The Reformation Period and Since. — In order to make clear the history of the Polish Church in the Reformation period, it is necessary to retrace our steps to the 11th century. It was then that the neighboring churches of Germany acquired a great influence over the Poles, while priests and monks flocked from France and Italy, but particularly from Germany, to Poland, built everywhere convents and churches, and at the same time used the Romish ritual in opposition to the simple worship of the Polish national churches, which, however, maintained their ground till the 14th century. The Hussites (q.v.) from Bohemia found a favorable field in Poland for the propagation of their peculiar tenets, and the Romish clergy in consequence took active measures for the purpose of checking the spread of the obnoxious doctrines. With this view the parish priests were ordered to seize and bring before the bishops all who were suspected of holding Hussite sentiments. Severe enactments were passed for the punishment of the heretics. But in the face of all opposition the new doctrines were embraced by some of the most influential families in the land, and the reforming party indeed was very numerous when their leader was slain on the field of battle. But although the doctrines of Huse had found many supporters in Poland, the national feeling was still in favor of the dominant Church. We append an account of the progress of Protestantism in Poland dependent largely on Gardner, Dictionary of Religions, p. 670 sq.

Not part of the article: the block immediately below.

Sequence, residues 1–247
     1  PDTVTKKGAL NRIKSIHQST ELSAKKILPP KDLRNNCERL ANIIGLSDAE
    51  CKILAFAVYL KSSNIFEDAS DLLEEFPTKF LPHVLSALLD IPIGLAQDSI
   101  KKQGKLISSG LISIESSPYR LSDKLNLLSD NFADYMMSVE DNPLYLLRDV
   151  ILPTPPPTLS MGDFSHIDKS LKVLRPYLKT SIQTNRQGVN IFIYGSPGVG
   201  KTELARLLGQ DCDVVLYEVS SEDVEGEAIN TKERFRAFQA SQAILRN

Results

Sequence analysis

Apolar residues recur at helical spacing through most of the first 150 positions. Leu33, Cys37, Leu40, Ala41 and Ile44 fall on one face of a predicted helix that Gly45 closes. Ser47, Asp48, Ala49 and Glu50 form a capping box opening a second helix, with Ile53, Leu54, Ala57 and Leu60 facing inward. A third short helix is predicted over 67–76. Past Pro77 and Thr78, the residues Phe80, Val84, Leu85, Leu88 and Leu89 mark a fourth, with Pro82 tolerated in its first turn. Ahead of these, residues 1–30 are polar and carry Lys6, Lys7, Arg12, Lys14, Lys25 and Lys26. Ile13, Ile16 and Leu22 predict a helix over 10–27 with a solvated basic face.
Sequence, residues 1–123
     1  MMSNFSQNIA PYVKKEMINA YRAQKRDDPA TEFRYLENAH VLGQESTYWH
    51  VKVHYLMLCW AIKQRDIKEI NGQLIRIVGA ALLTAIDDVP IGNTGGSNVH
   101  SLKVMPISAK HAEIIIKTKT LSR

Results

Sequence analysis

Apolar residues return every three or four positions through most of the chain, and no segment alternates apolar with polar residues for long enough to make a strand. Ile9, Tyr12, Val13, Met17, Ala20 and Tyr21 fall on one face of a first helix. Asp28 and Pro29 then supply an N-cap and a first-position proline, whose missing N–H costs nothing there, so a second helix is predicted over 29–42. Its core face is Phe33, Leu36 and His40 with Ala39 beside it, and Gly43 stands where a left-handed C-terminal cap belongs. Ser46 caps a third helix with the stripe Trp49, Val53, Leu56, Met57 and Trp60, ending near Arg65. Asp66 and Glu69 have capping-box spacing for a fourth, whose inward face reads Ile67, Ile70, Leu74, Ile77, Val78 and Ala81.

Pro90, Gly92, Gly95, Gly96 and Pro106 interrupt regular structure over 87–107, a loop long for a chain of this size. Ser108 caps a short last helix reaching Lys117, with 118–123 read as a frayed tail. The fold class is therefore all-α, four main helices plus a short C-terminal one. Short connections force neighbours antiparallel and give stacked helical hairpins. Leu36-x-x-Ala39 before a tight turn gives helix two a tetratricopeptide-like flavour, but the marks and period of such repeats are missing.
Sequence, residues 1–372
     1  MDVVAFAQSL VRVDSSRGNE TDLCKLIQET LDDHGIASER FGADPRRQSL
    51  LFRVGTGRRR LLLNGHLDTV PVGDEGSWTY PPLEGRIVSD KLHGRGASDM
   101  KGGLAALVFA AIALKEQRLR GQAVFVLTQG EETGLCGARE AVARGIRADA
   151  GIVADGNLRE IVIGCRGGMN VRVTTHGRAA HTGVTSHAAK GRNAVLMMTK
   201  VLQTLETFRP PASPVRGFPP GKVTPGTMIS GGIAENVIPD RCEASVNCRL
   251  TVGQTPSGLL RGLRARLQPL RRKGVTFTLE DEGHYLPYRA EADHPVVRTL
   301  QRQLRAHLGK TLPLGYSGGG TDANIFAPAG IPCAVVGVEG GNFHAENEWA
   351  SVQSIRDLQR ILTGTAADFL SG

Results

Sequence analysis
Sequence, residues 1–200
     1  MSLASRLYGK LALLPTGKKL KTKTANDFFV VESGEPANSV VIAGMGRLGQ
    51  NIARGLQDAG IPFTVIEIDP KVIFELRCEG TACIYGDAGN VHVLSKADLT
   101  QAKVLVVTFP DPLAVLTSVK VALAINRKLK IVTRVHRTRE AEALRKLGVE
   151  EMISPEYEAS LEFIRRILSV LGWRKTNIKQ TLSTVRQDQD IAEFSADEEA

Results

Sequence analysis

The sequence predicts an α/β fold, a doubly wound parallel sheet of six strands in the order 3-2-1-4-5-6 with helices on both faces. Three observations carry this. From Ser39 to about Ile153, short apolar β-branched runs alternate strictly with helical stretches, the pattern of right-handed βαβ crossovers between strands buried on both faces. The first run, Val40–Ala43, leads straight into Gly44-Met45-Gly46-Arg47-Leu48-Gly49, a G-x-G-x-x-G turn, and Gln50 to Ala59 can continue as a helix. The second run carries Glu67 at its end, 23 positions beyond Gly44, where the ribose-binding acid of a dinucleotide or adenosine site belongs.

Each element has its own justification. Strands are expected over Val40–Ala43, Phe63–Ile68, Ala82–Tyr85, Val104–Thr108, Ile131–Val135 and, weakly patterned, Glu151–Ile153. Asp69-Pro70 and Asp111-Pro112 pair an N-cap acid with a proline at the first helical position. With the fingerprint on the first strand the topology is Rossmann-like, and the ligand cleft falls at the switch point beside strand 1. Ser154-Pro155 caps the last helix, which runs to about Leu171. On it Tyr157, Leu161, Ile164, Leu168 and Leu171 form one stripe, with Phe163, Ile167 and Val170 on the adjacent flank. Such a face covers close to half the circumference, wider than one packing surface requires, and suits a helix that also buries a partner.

"In the commencement of the 15th century a powerful impulse was given to the cause of Polish education and literatim by the establishment of the University of Cracow, and the encouragement given in that seminary to native scholars. Already a goodly number of accomplished literary men had issued from the University of Prague, some of whom were chosen to fill the chairs at Cracow; these again were generally selected to supply the vacant episcopal sees, and thus in a short time they were found in the Polish Church not a few prelates distinguished alike for their piety and learning. The enlightened views which some of these ecclesiastical dignitaries entertained were speedily manifested in various projects started for reforming the Church. Thus Martin Tromba, the primate of Poland, ordered the liturgical books to be translated into the national language, that they might be understood by the great mass of tile people. But the boldest step in the direction of Church reform at this period was taken by Ostrotwo, palatine of Posen, who presented to the Polish diet of 1459 a proposal for introducing improvements of such a vital character that, had they been adopted, a separation of the Church of Poland from Rome would have been the immediate result. 'In this plan,' says count Krasinski, 'of reforming the Church of Poland he maintained that, Christ having declared that his kingdom was not of this world, the pope had no authority whatever over the king of Poland, and should not even be addressed by the latter in humble terms, unbecoming his dignity; that Rome was drawing every year from the country large sums under the pretence of religion, but, in fact, by means of superstition; and that the bishop of Rome was inventing most unjust reasons for leaving taxes, the proceeds of which were employed, not for the real wants of the Church, but for the pope's private interests; that all the ecclesiastical lawsuits should be decided in the country and not at Rome, which did not take "any sheep without wool;" that there were, indeed, among the Poles people who respected the Roman scribblings furnished with red seals and hempen strings, and suspended on the door of a church; but that it was wrong to submit to these Italian deceits.' He further says: 'Is it not a deceit that the pope imposes upon us, in spite of the king and the senate, I don't know what, bulls called indulgences? He gets money by assuring people that he absolves their sin; but God has said by his prophet, "My son, give me thy heart, and not money." The pope feigns that he employs his treasures for the election of churches; but he does it, ill fact, for enriching his relations. I shall pass in silence things that are still worse. There are monks who praise still such fables. There are a great number of preachers and confessors who only think how to get the richest harvest, and who indulge themselves, after having plundered the poor people. He complains of the great number of monks unfit for the clerical office, saying, "After having shaven his head and endowed a cowl, a man thinks himself fit to correct the whole world. He cries, and almost bellows, in the pulpit, because he sees no opponent. Learned men, and even those who possess an inferior degree of knowledge, cannot listen without horror to the nonsense, and almost blasphemy, uttered by such preaches." "These sentiments avowed by a Polish senator in the assembly of the states, plainly indicated that public opinion, even in the 15th century, was prepared for the great ecclesiastical reformation which commenced a century later in Germany and Switzerland. As if still further to pave the way for that important movement, treatises were at every little interval issuing from the press in Poland containing opinions which Rome has always been accustomed to brand as heresies. One work, in particular, was published at Cracow in 1515, which openly advocated the great Protestant principle that the Holy Scriptures must be believed, and all merely human ordinances may be dispensed with.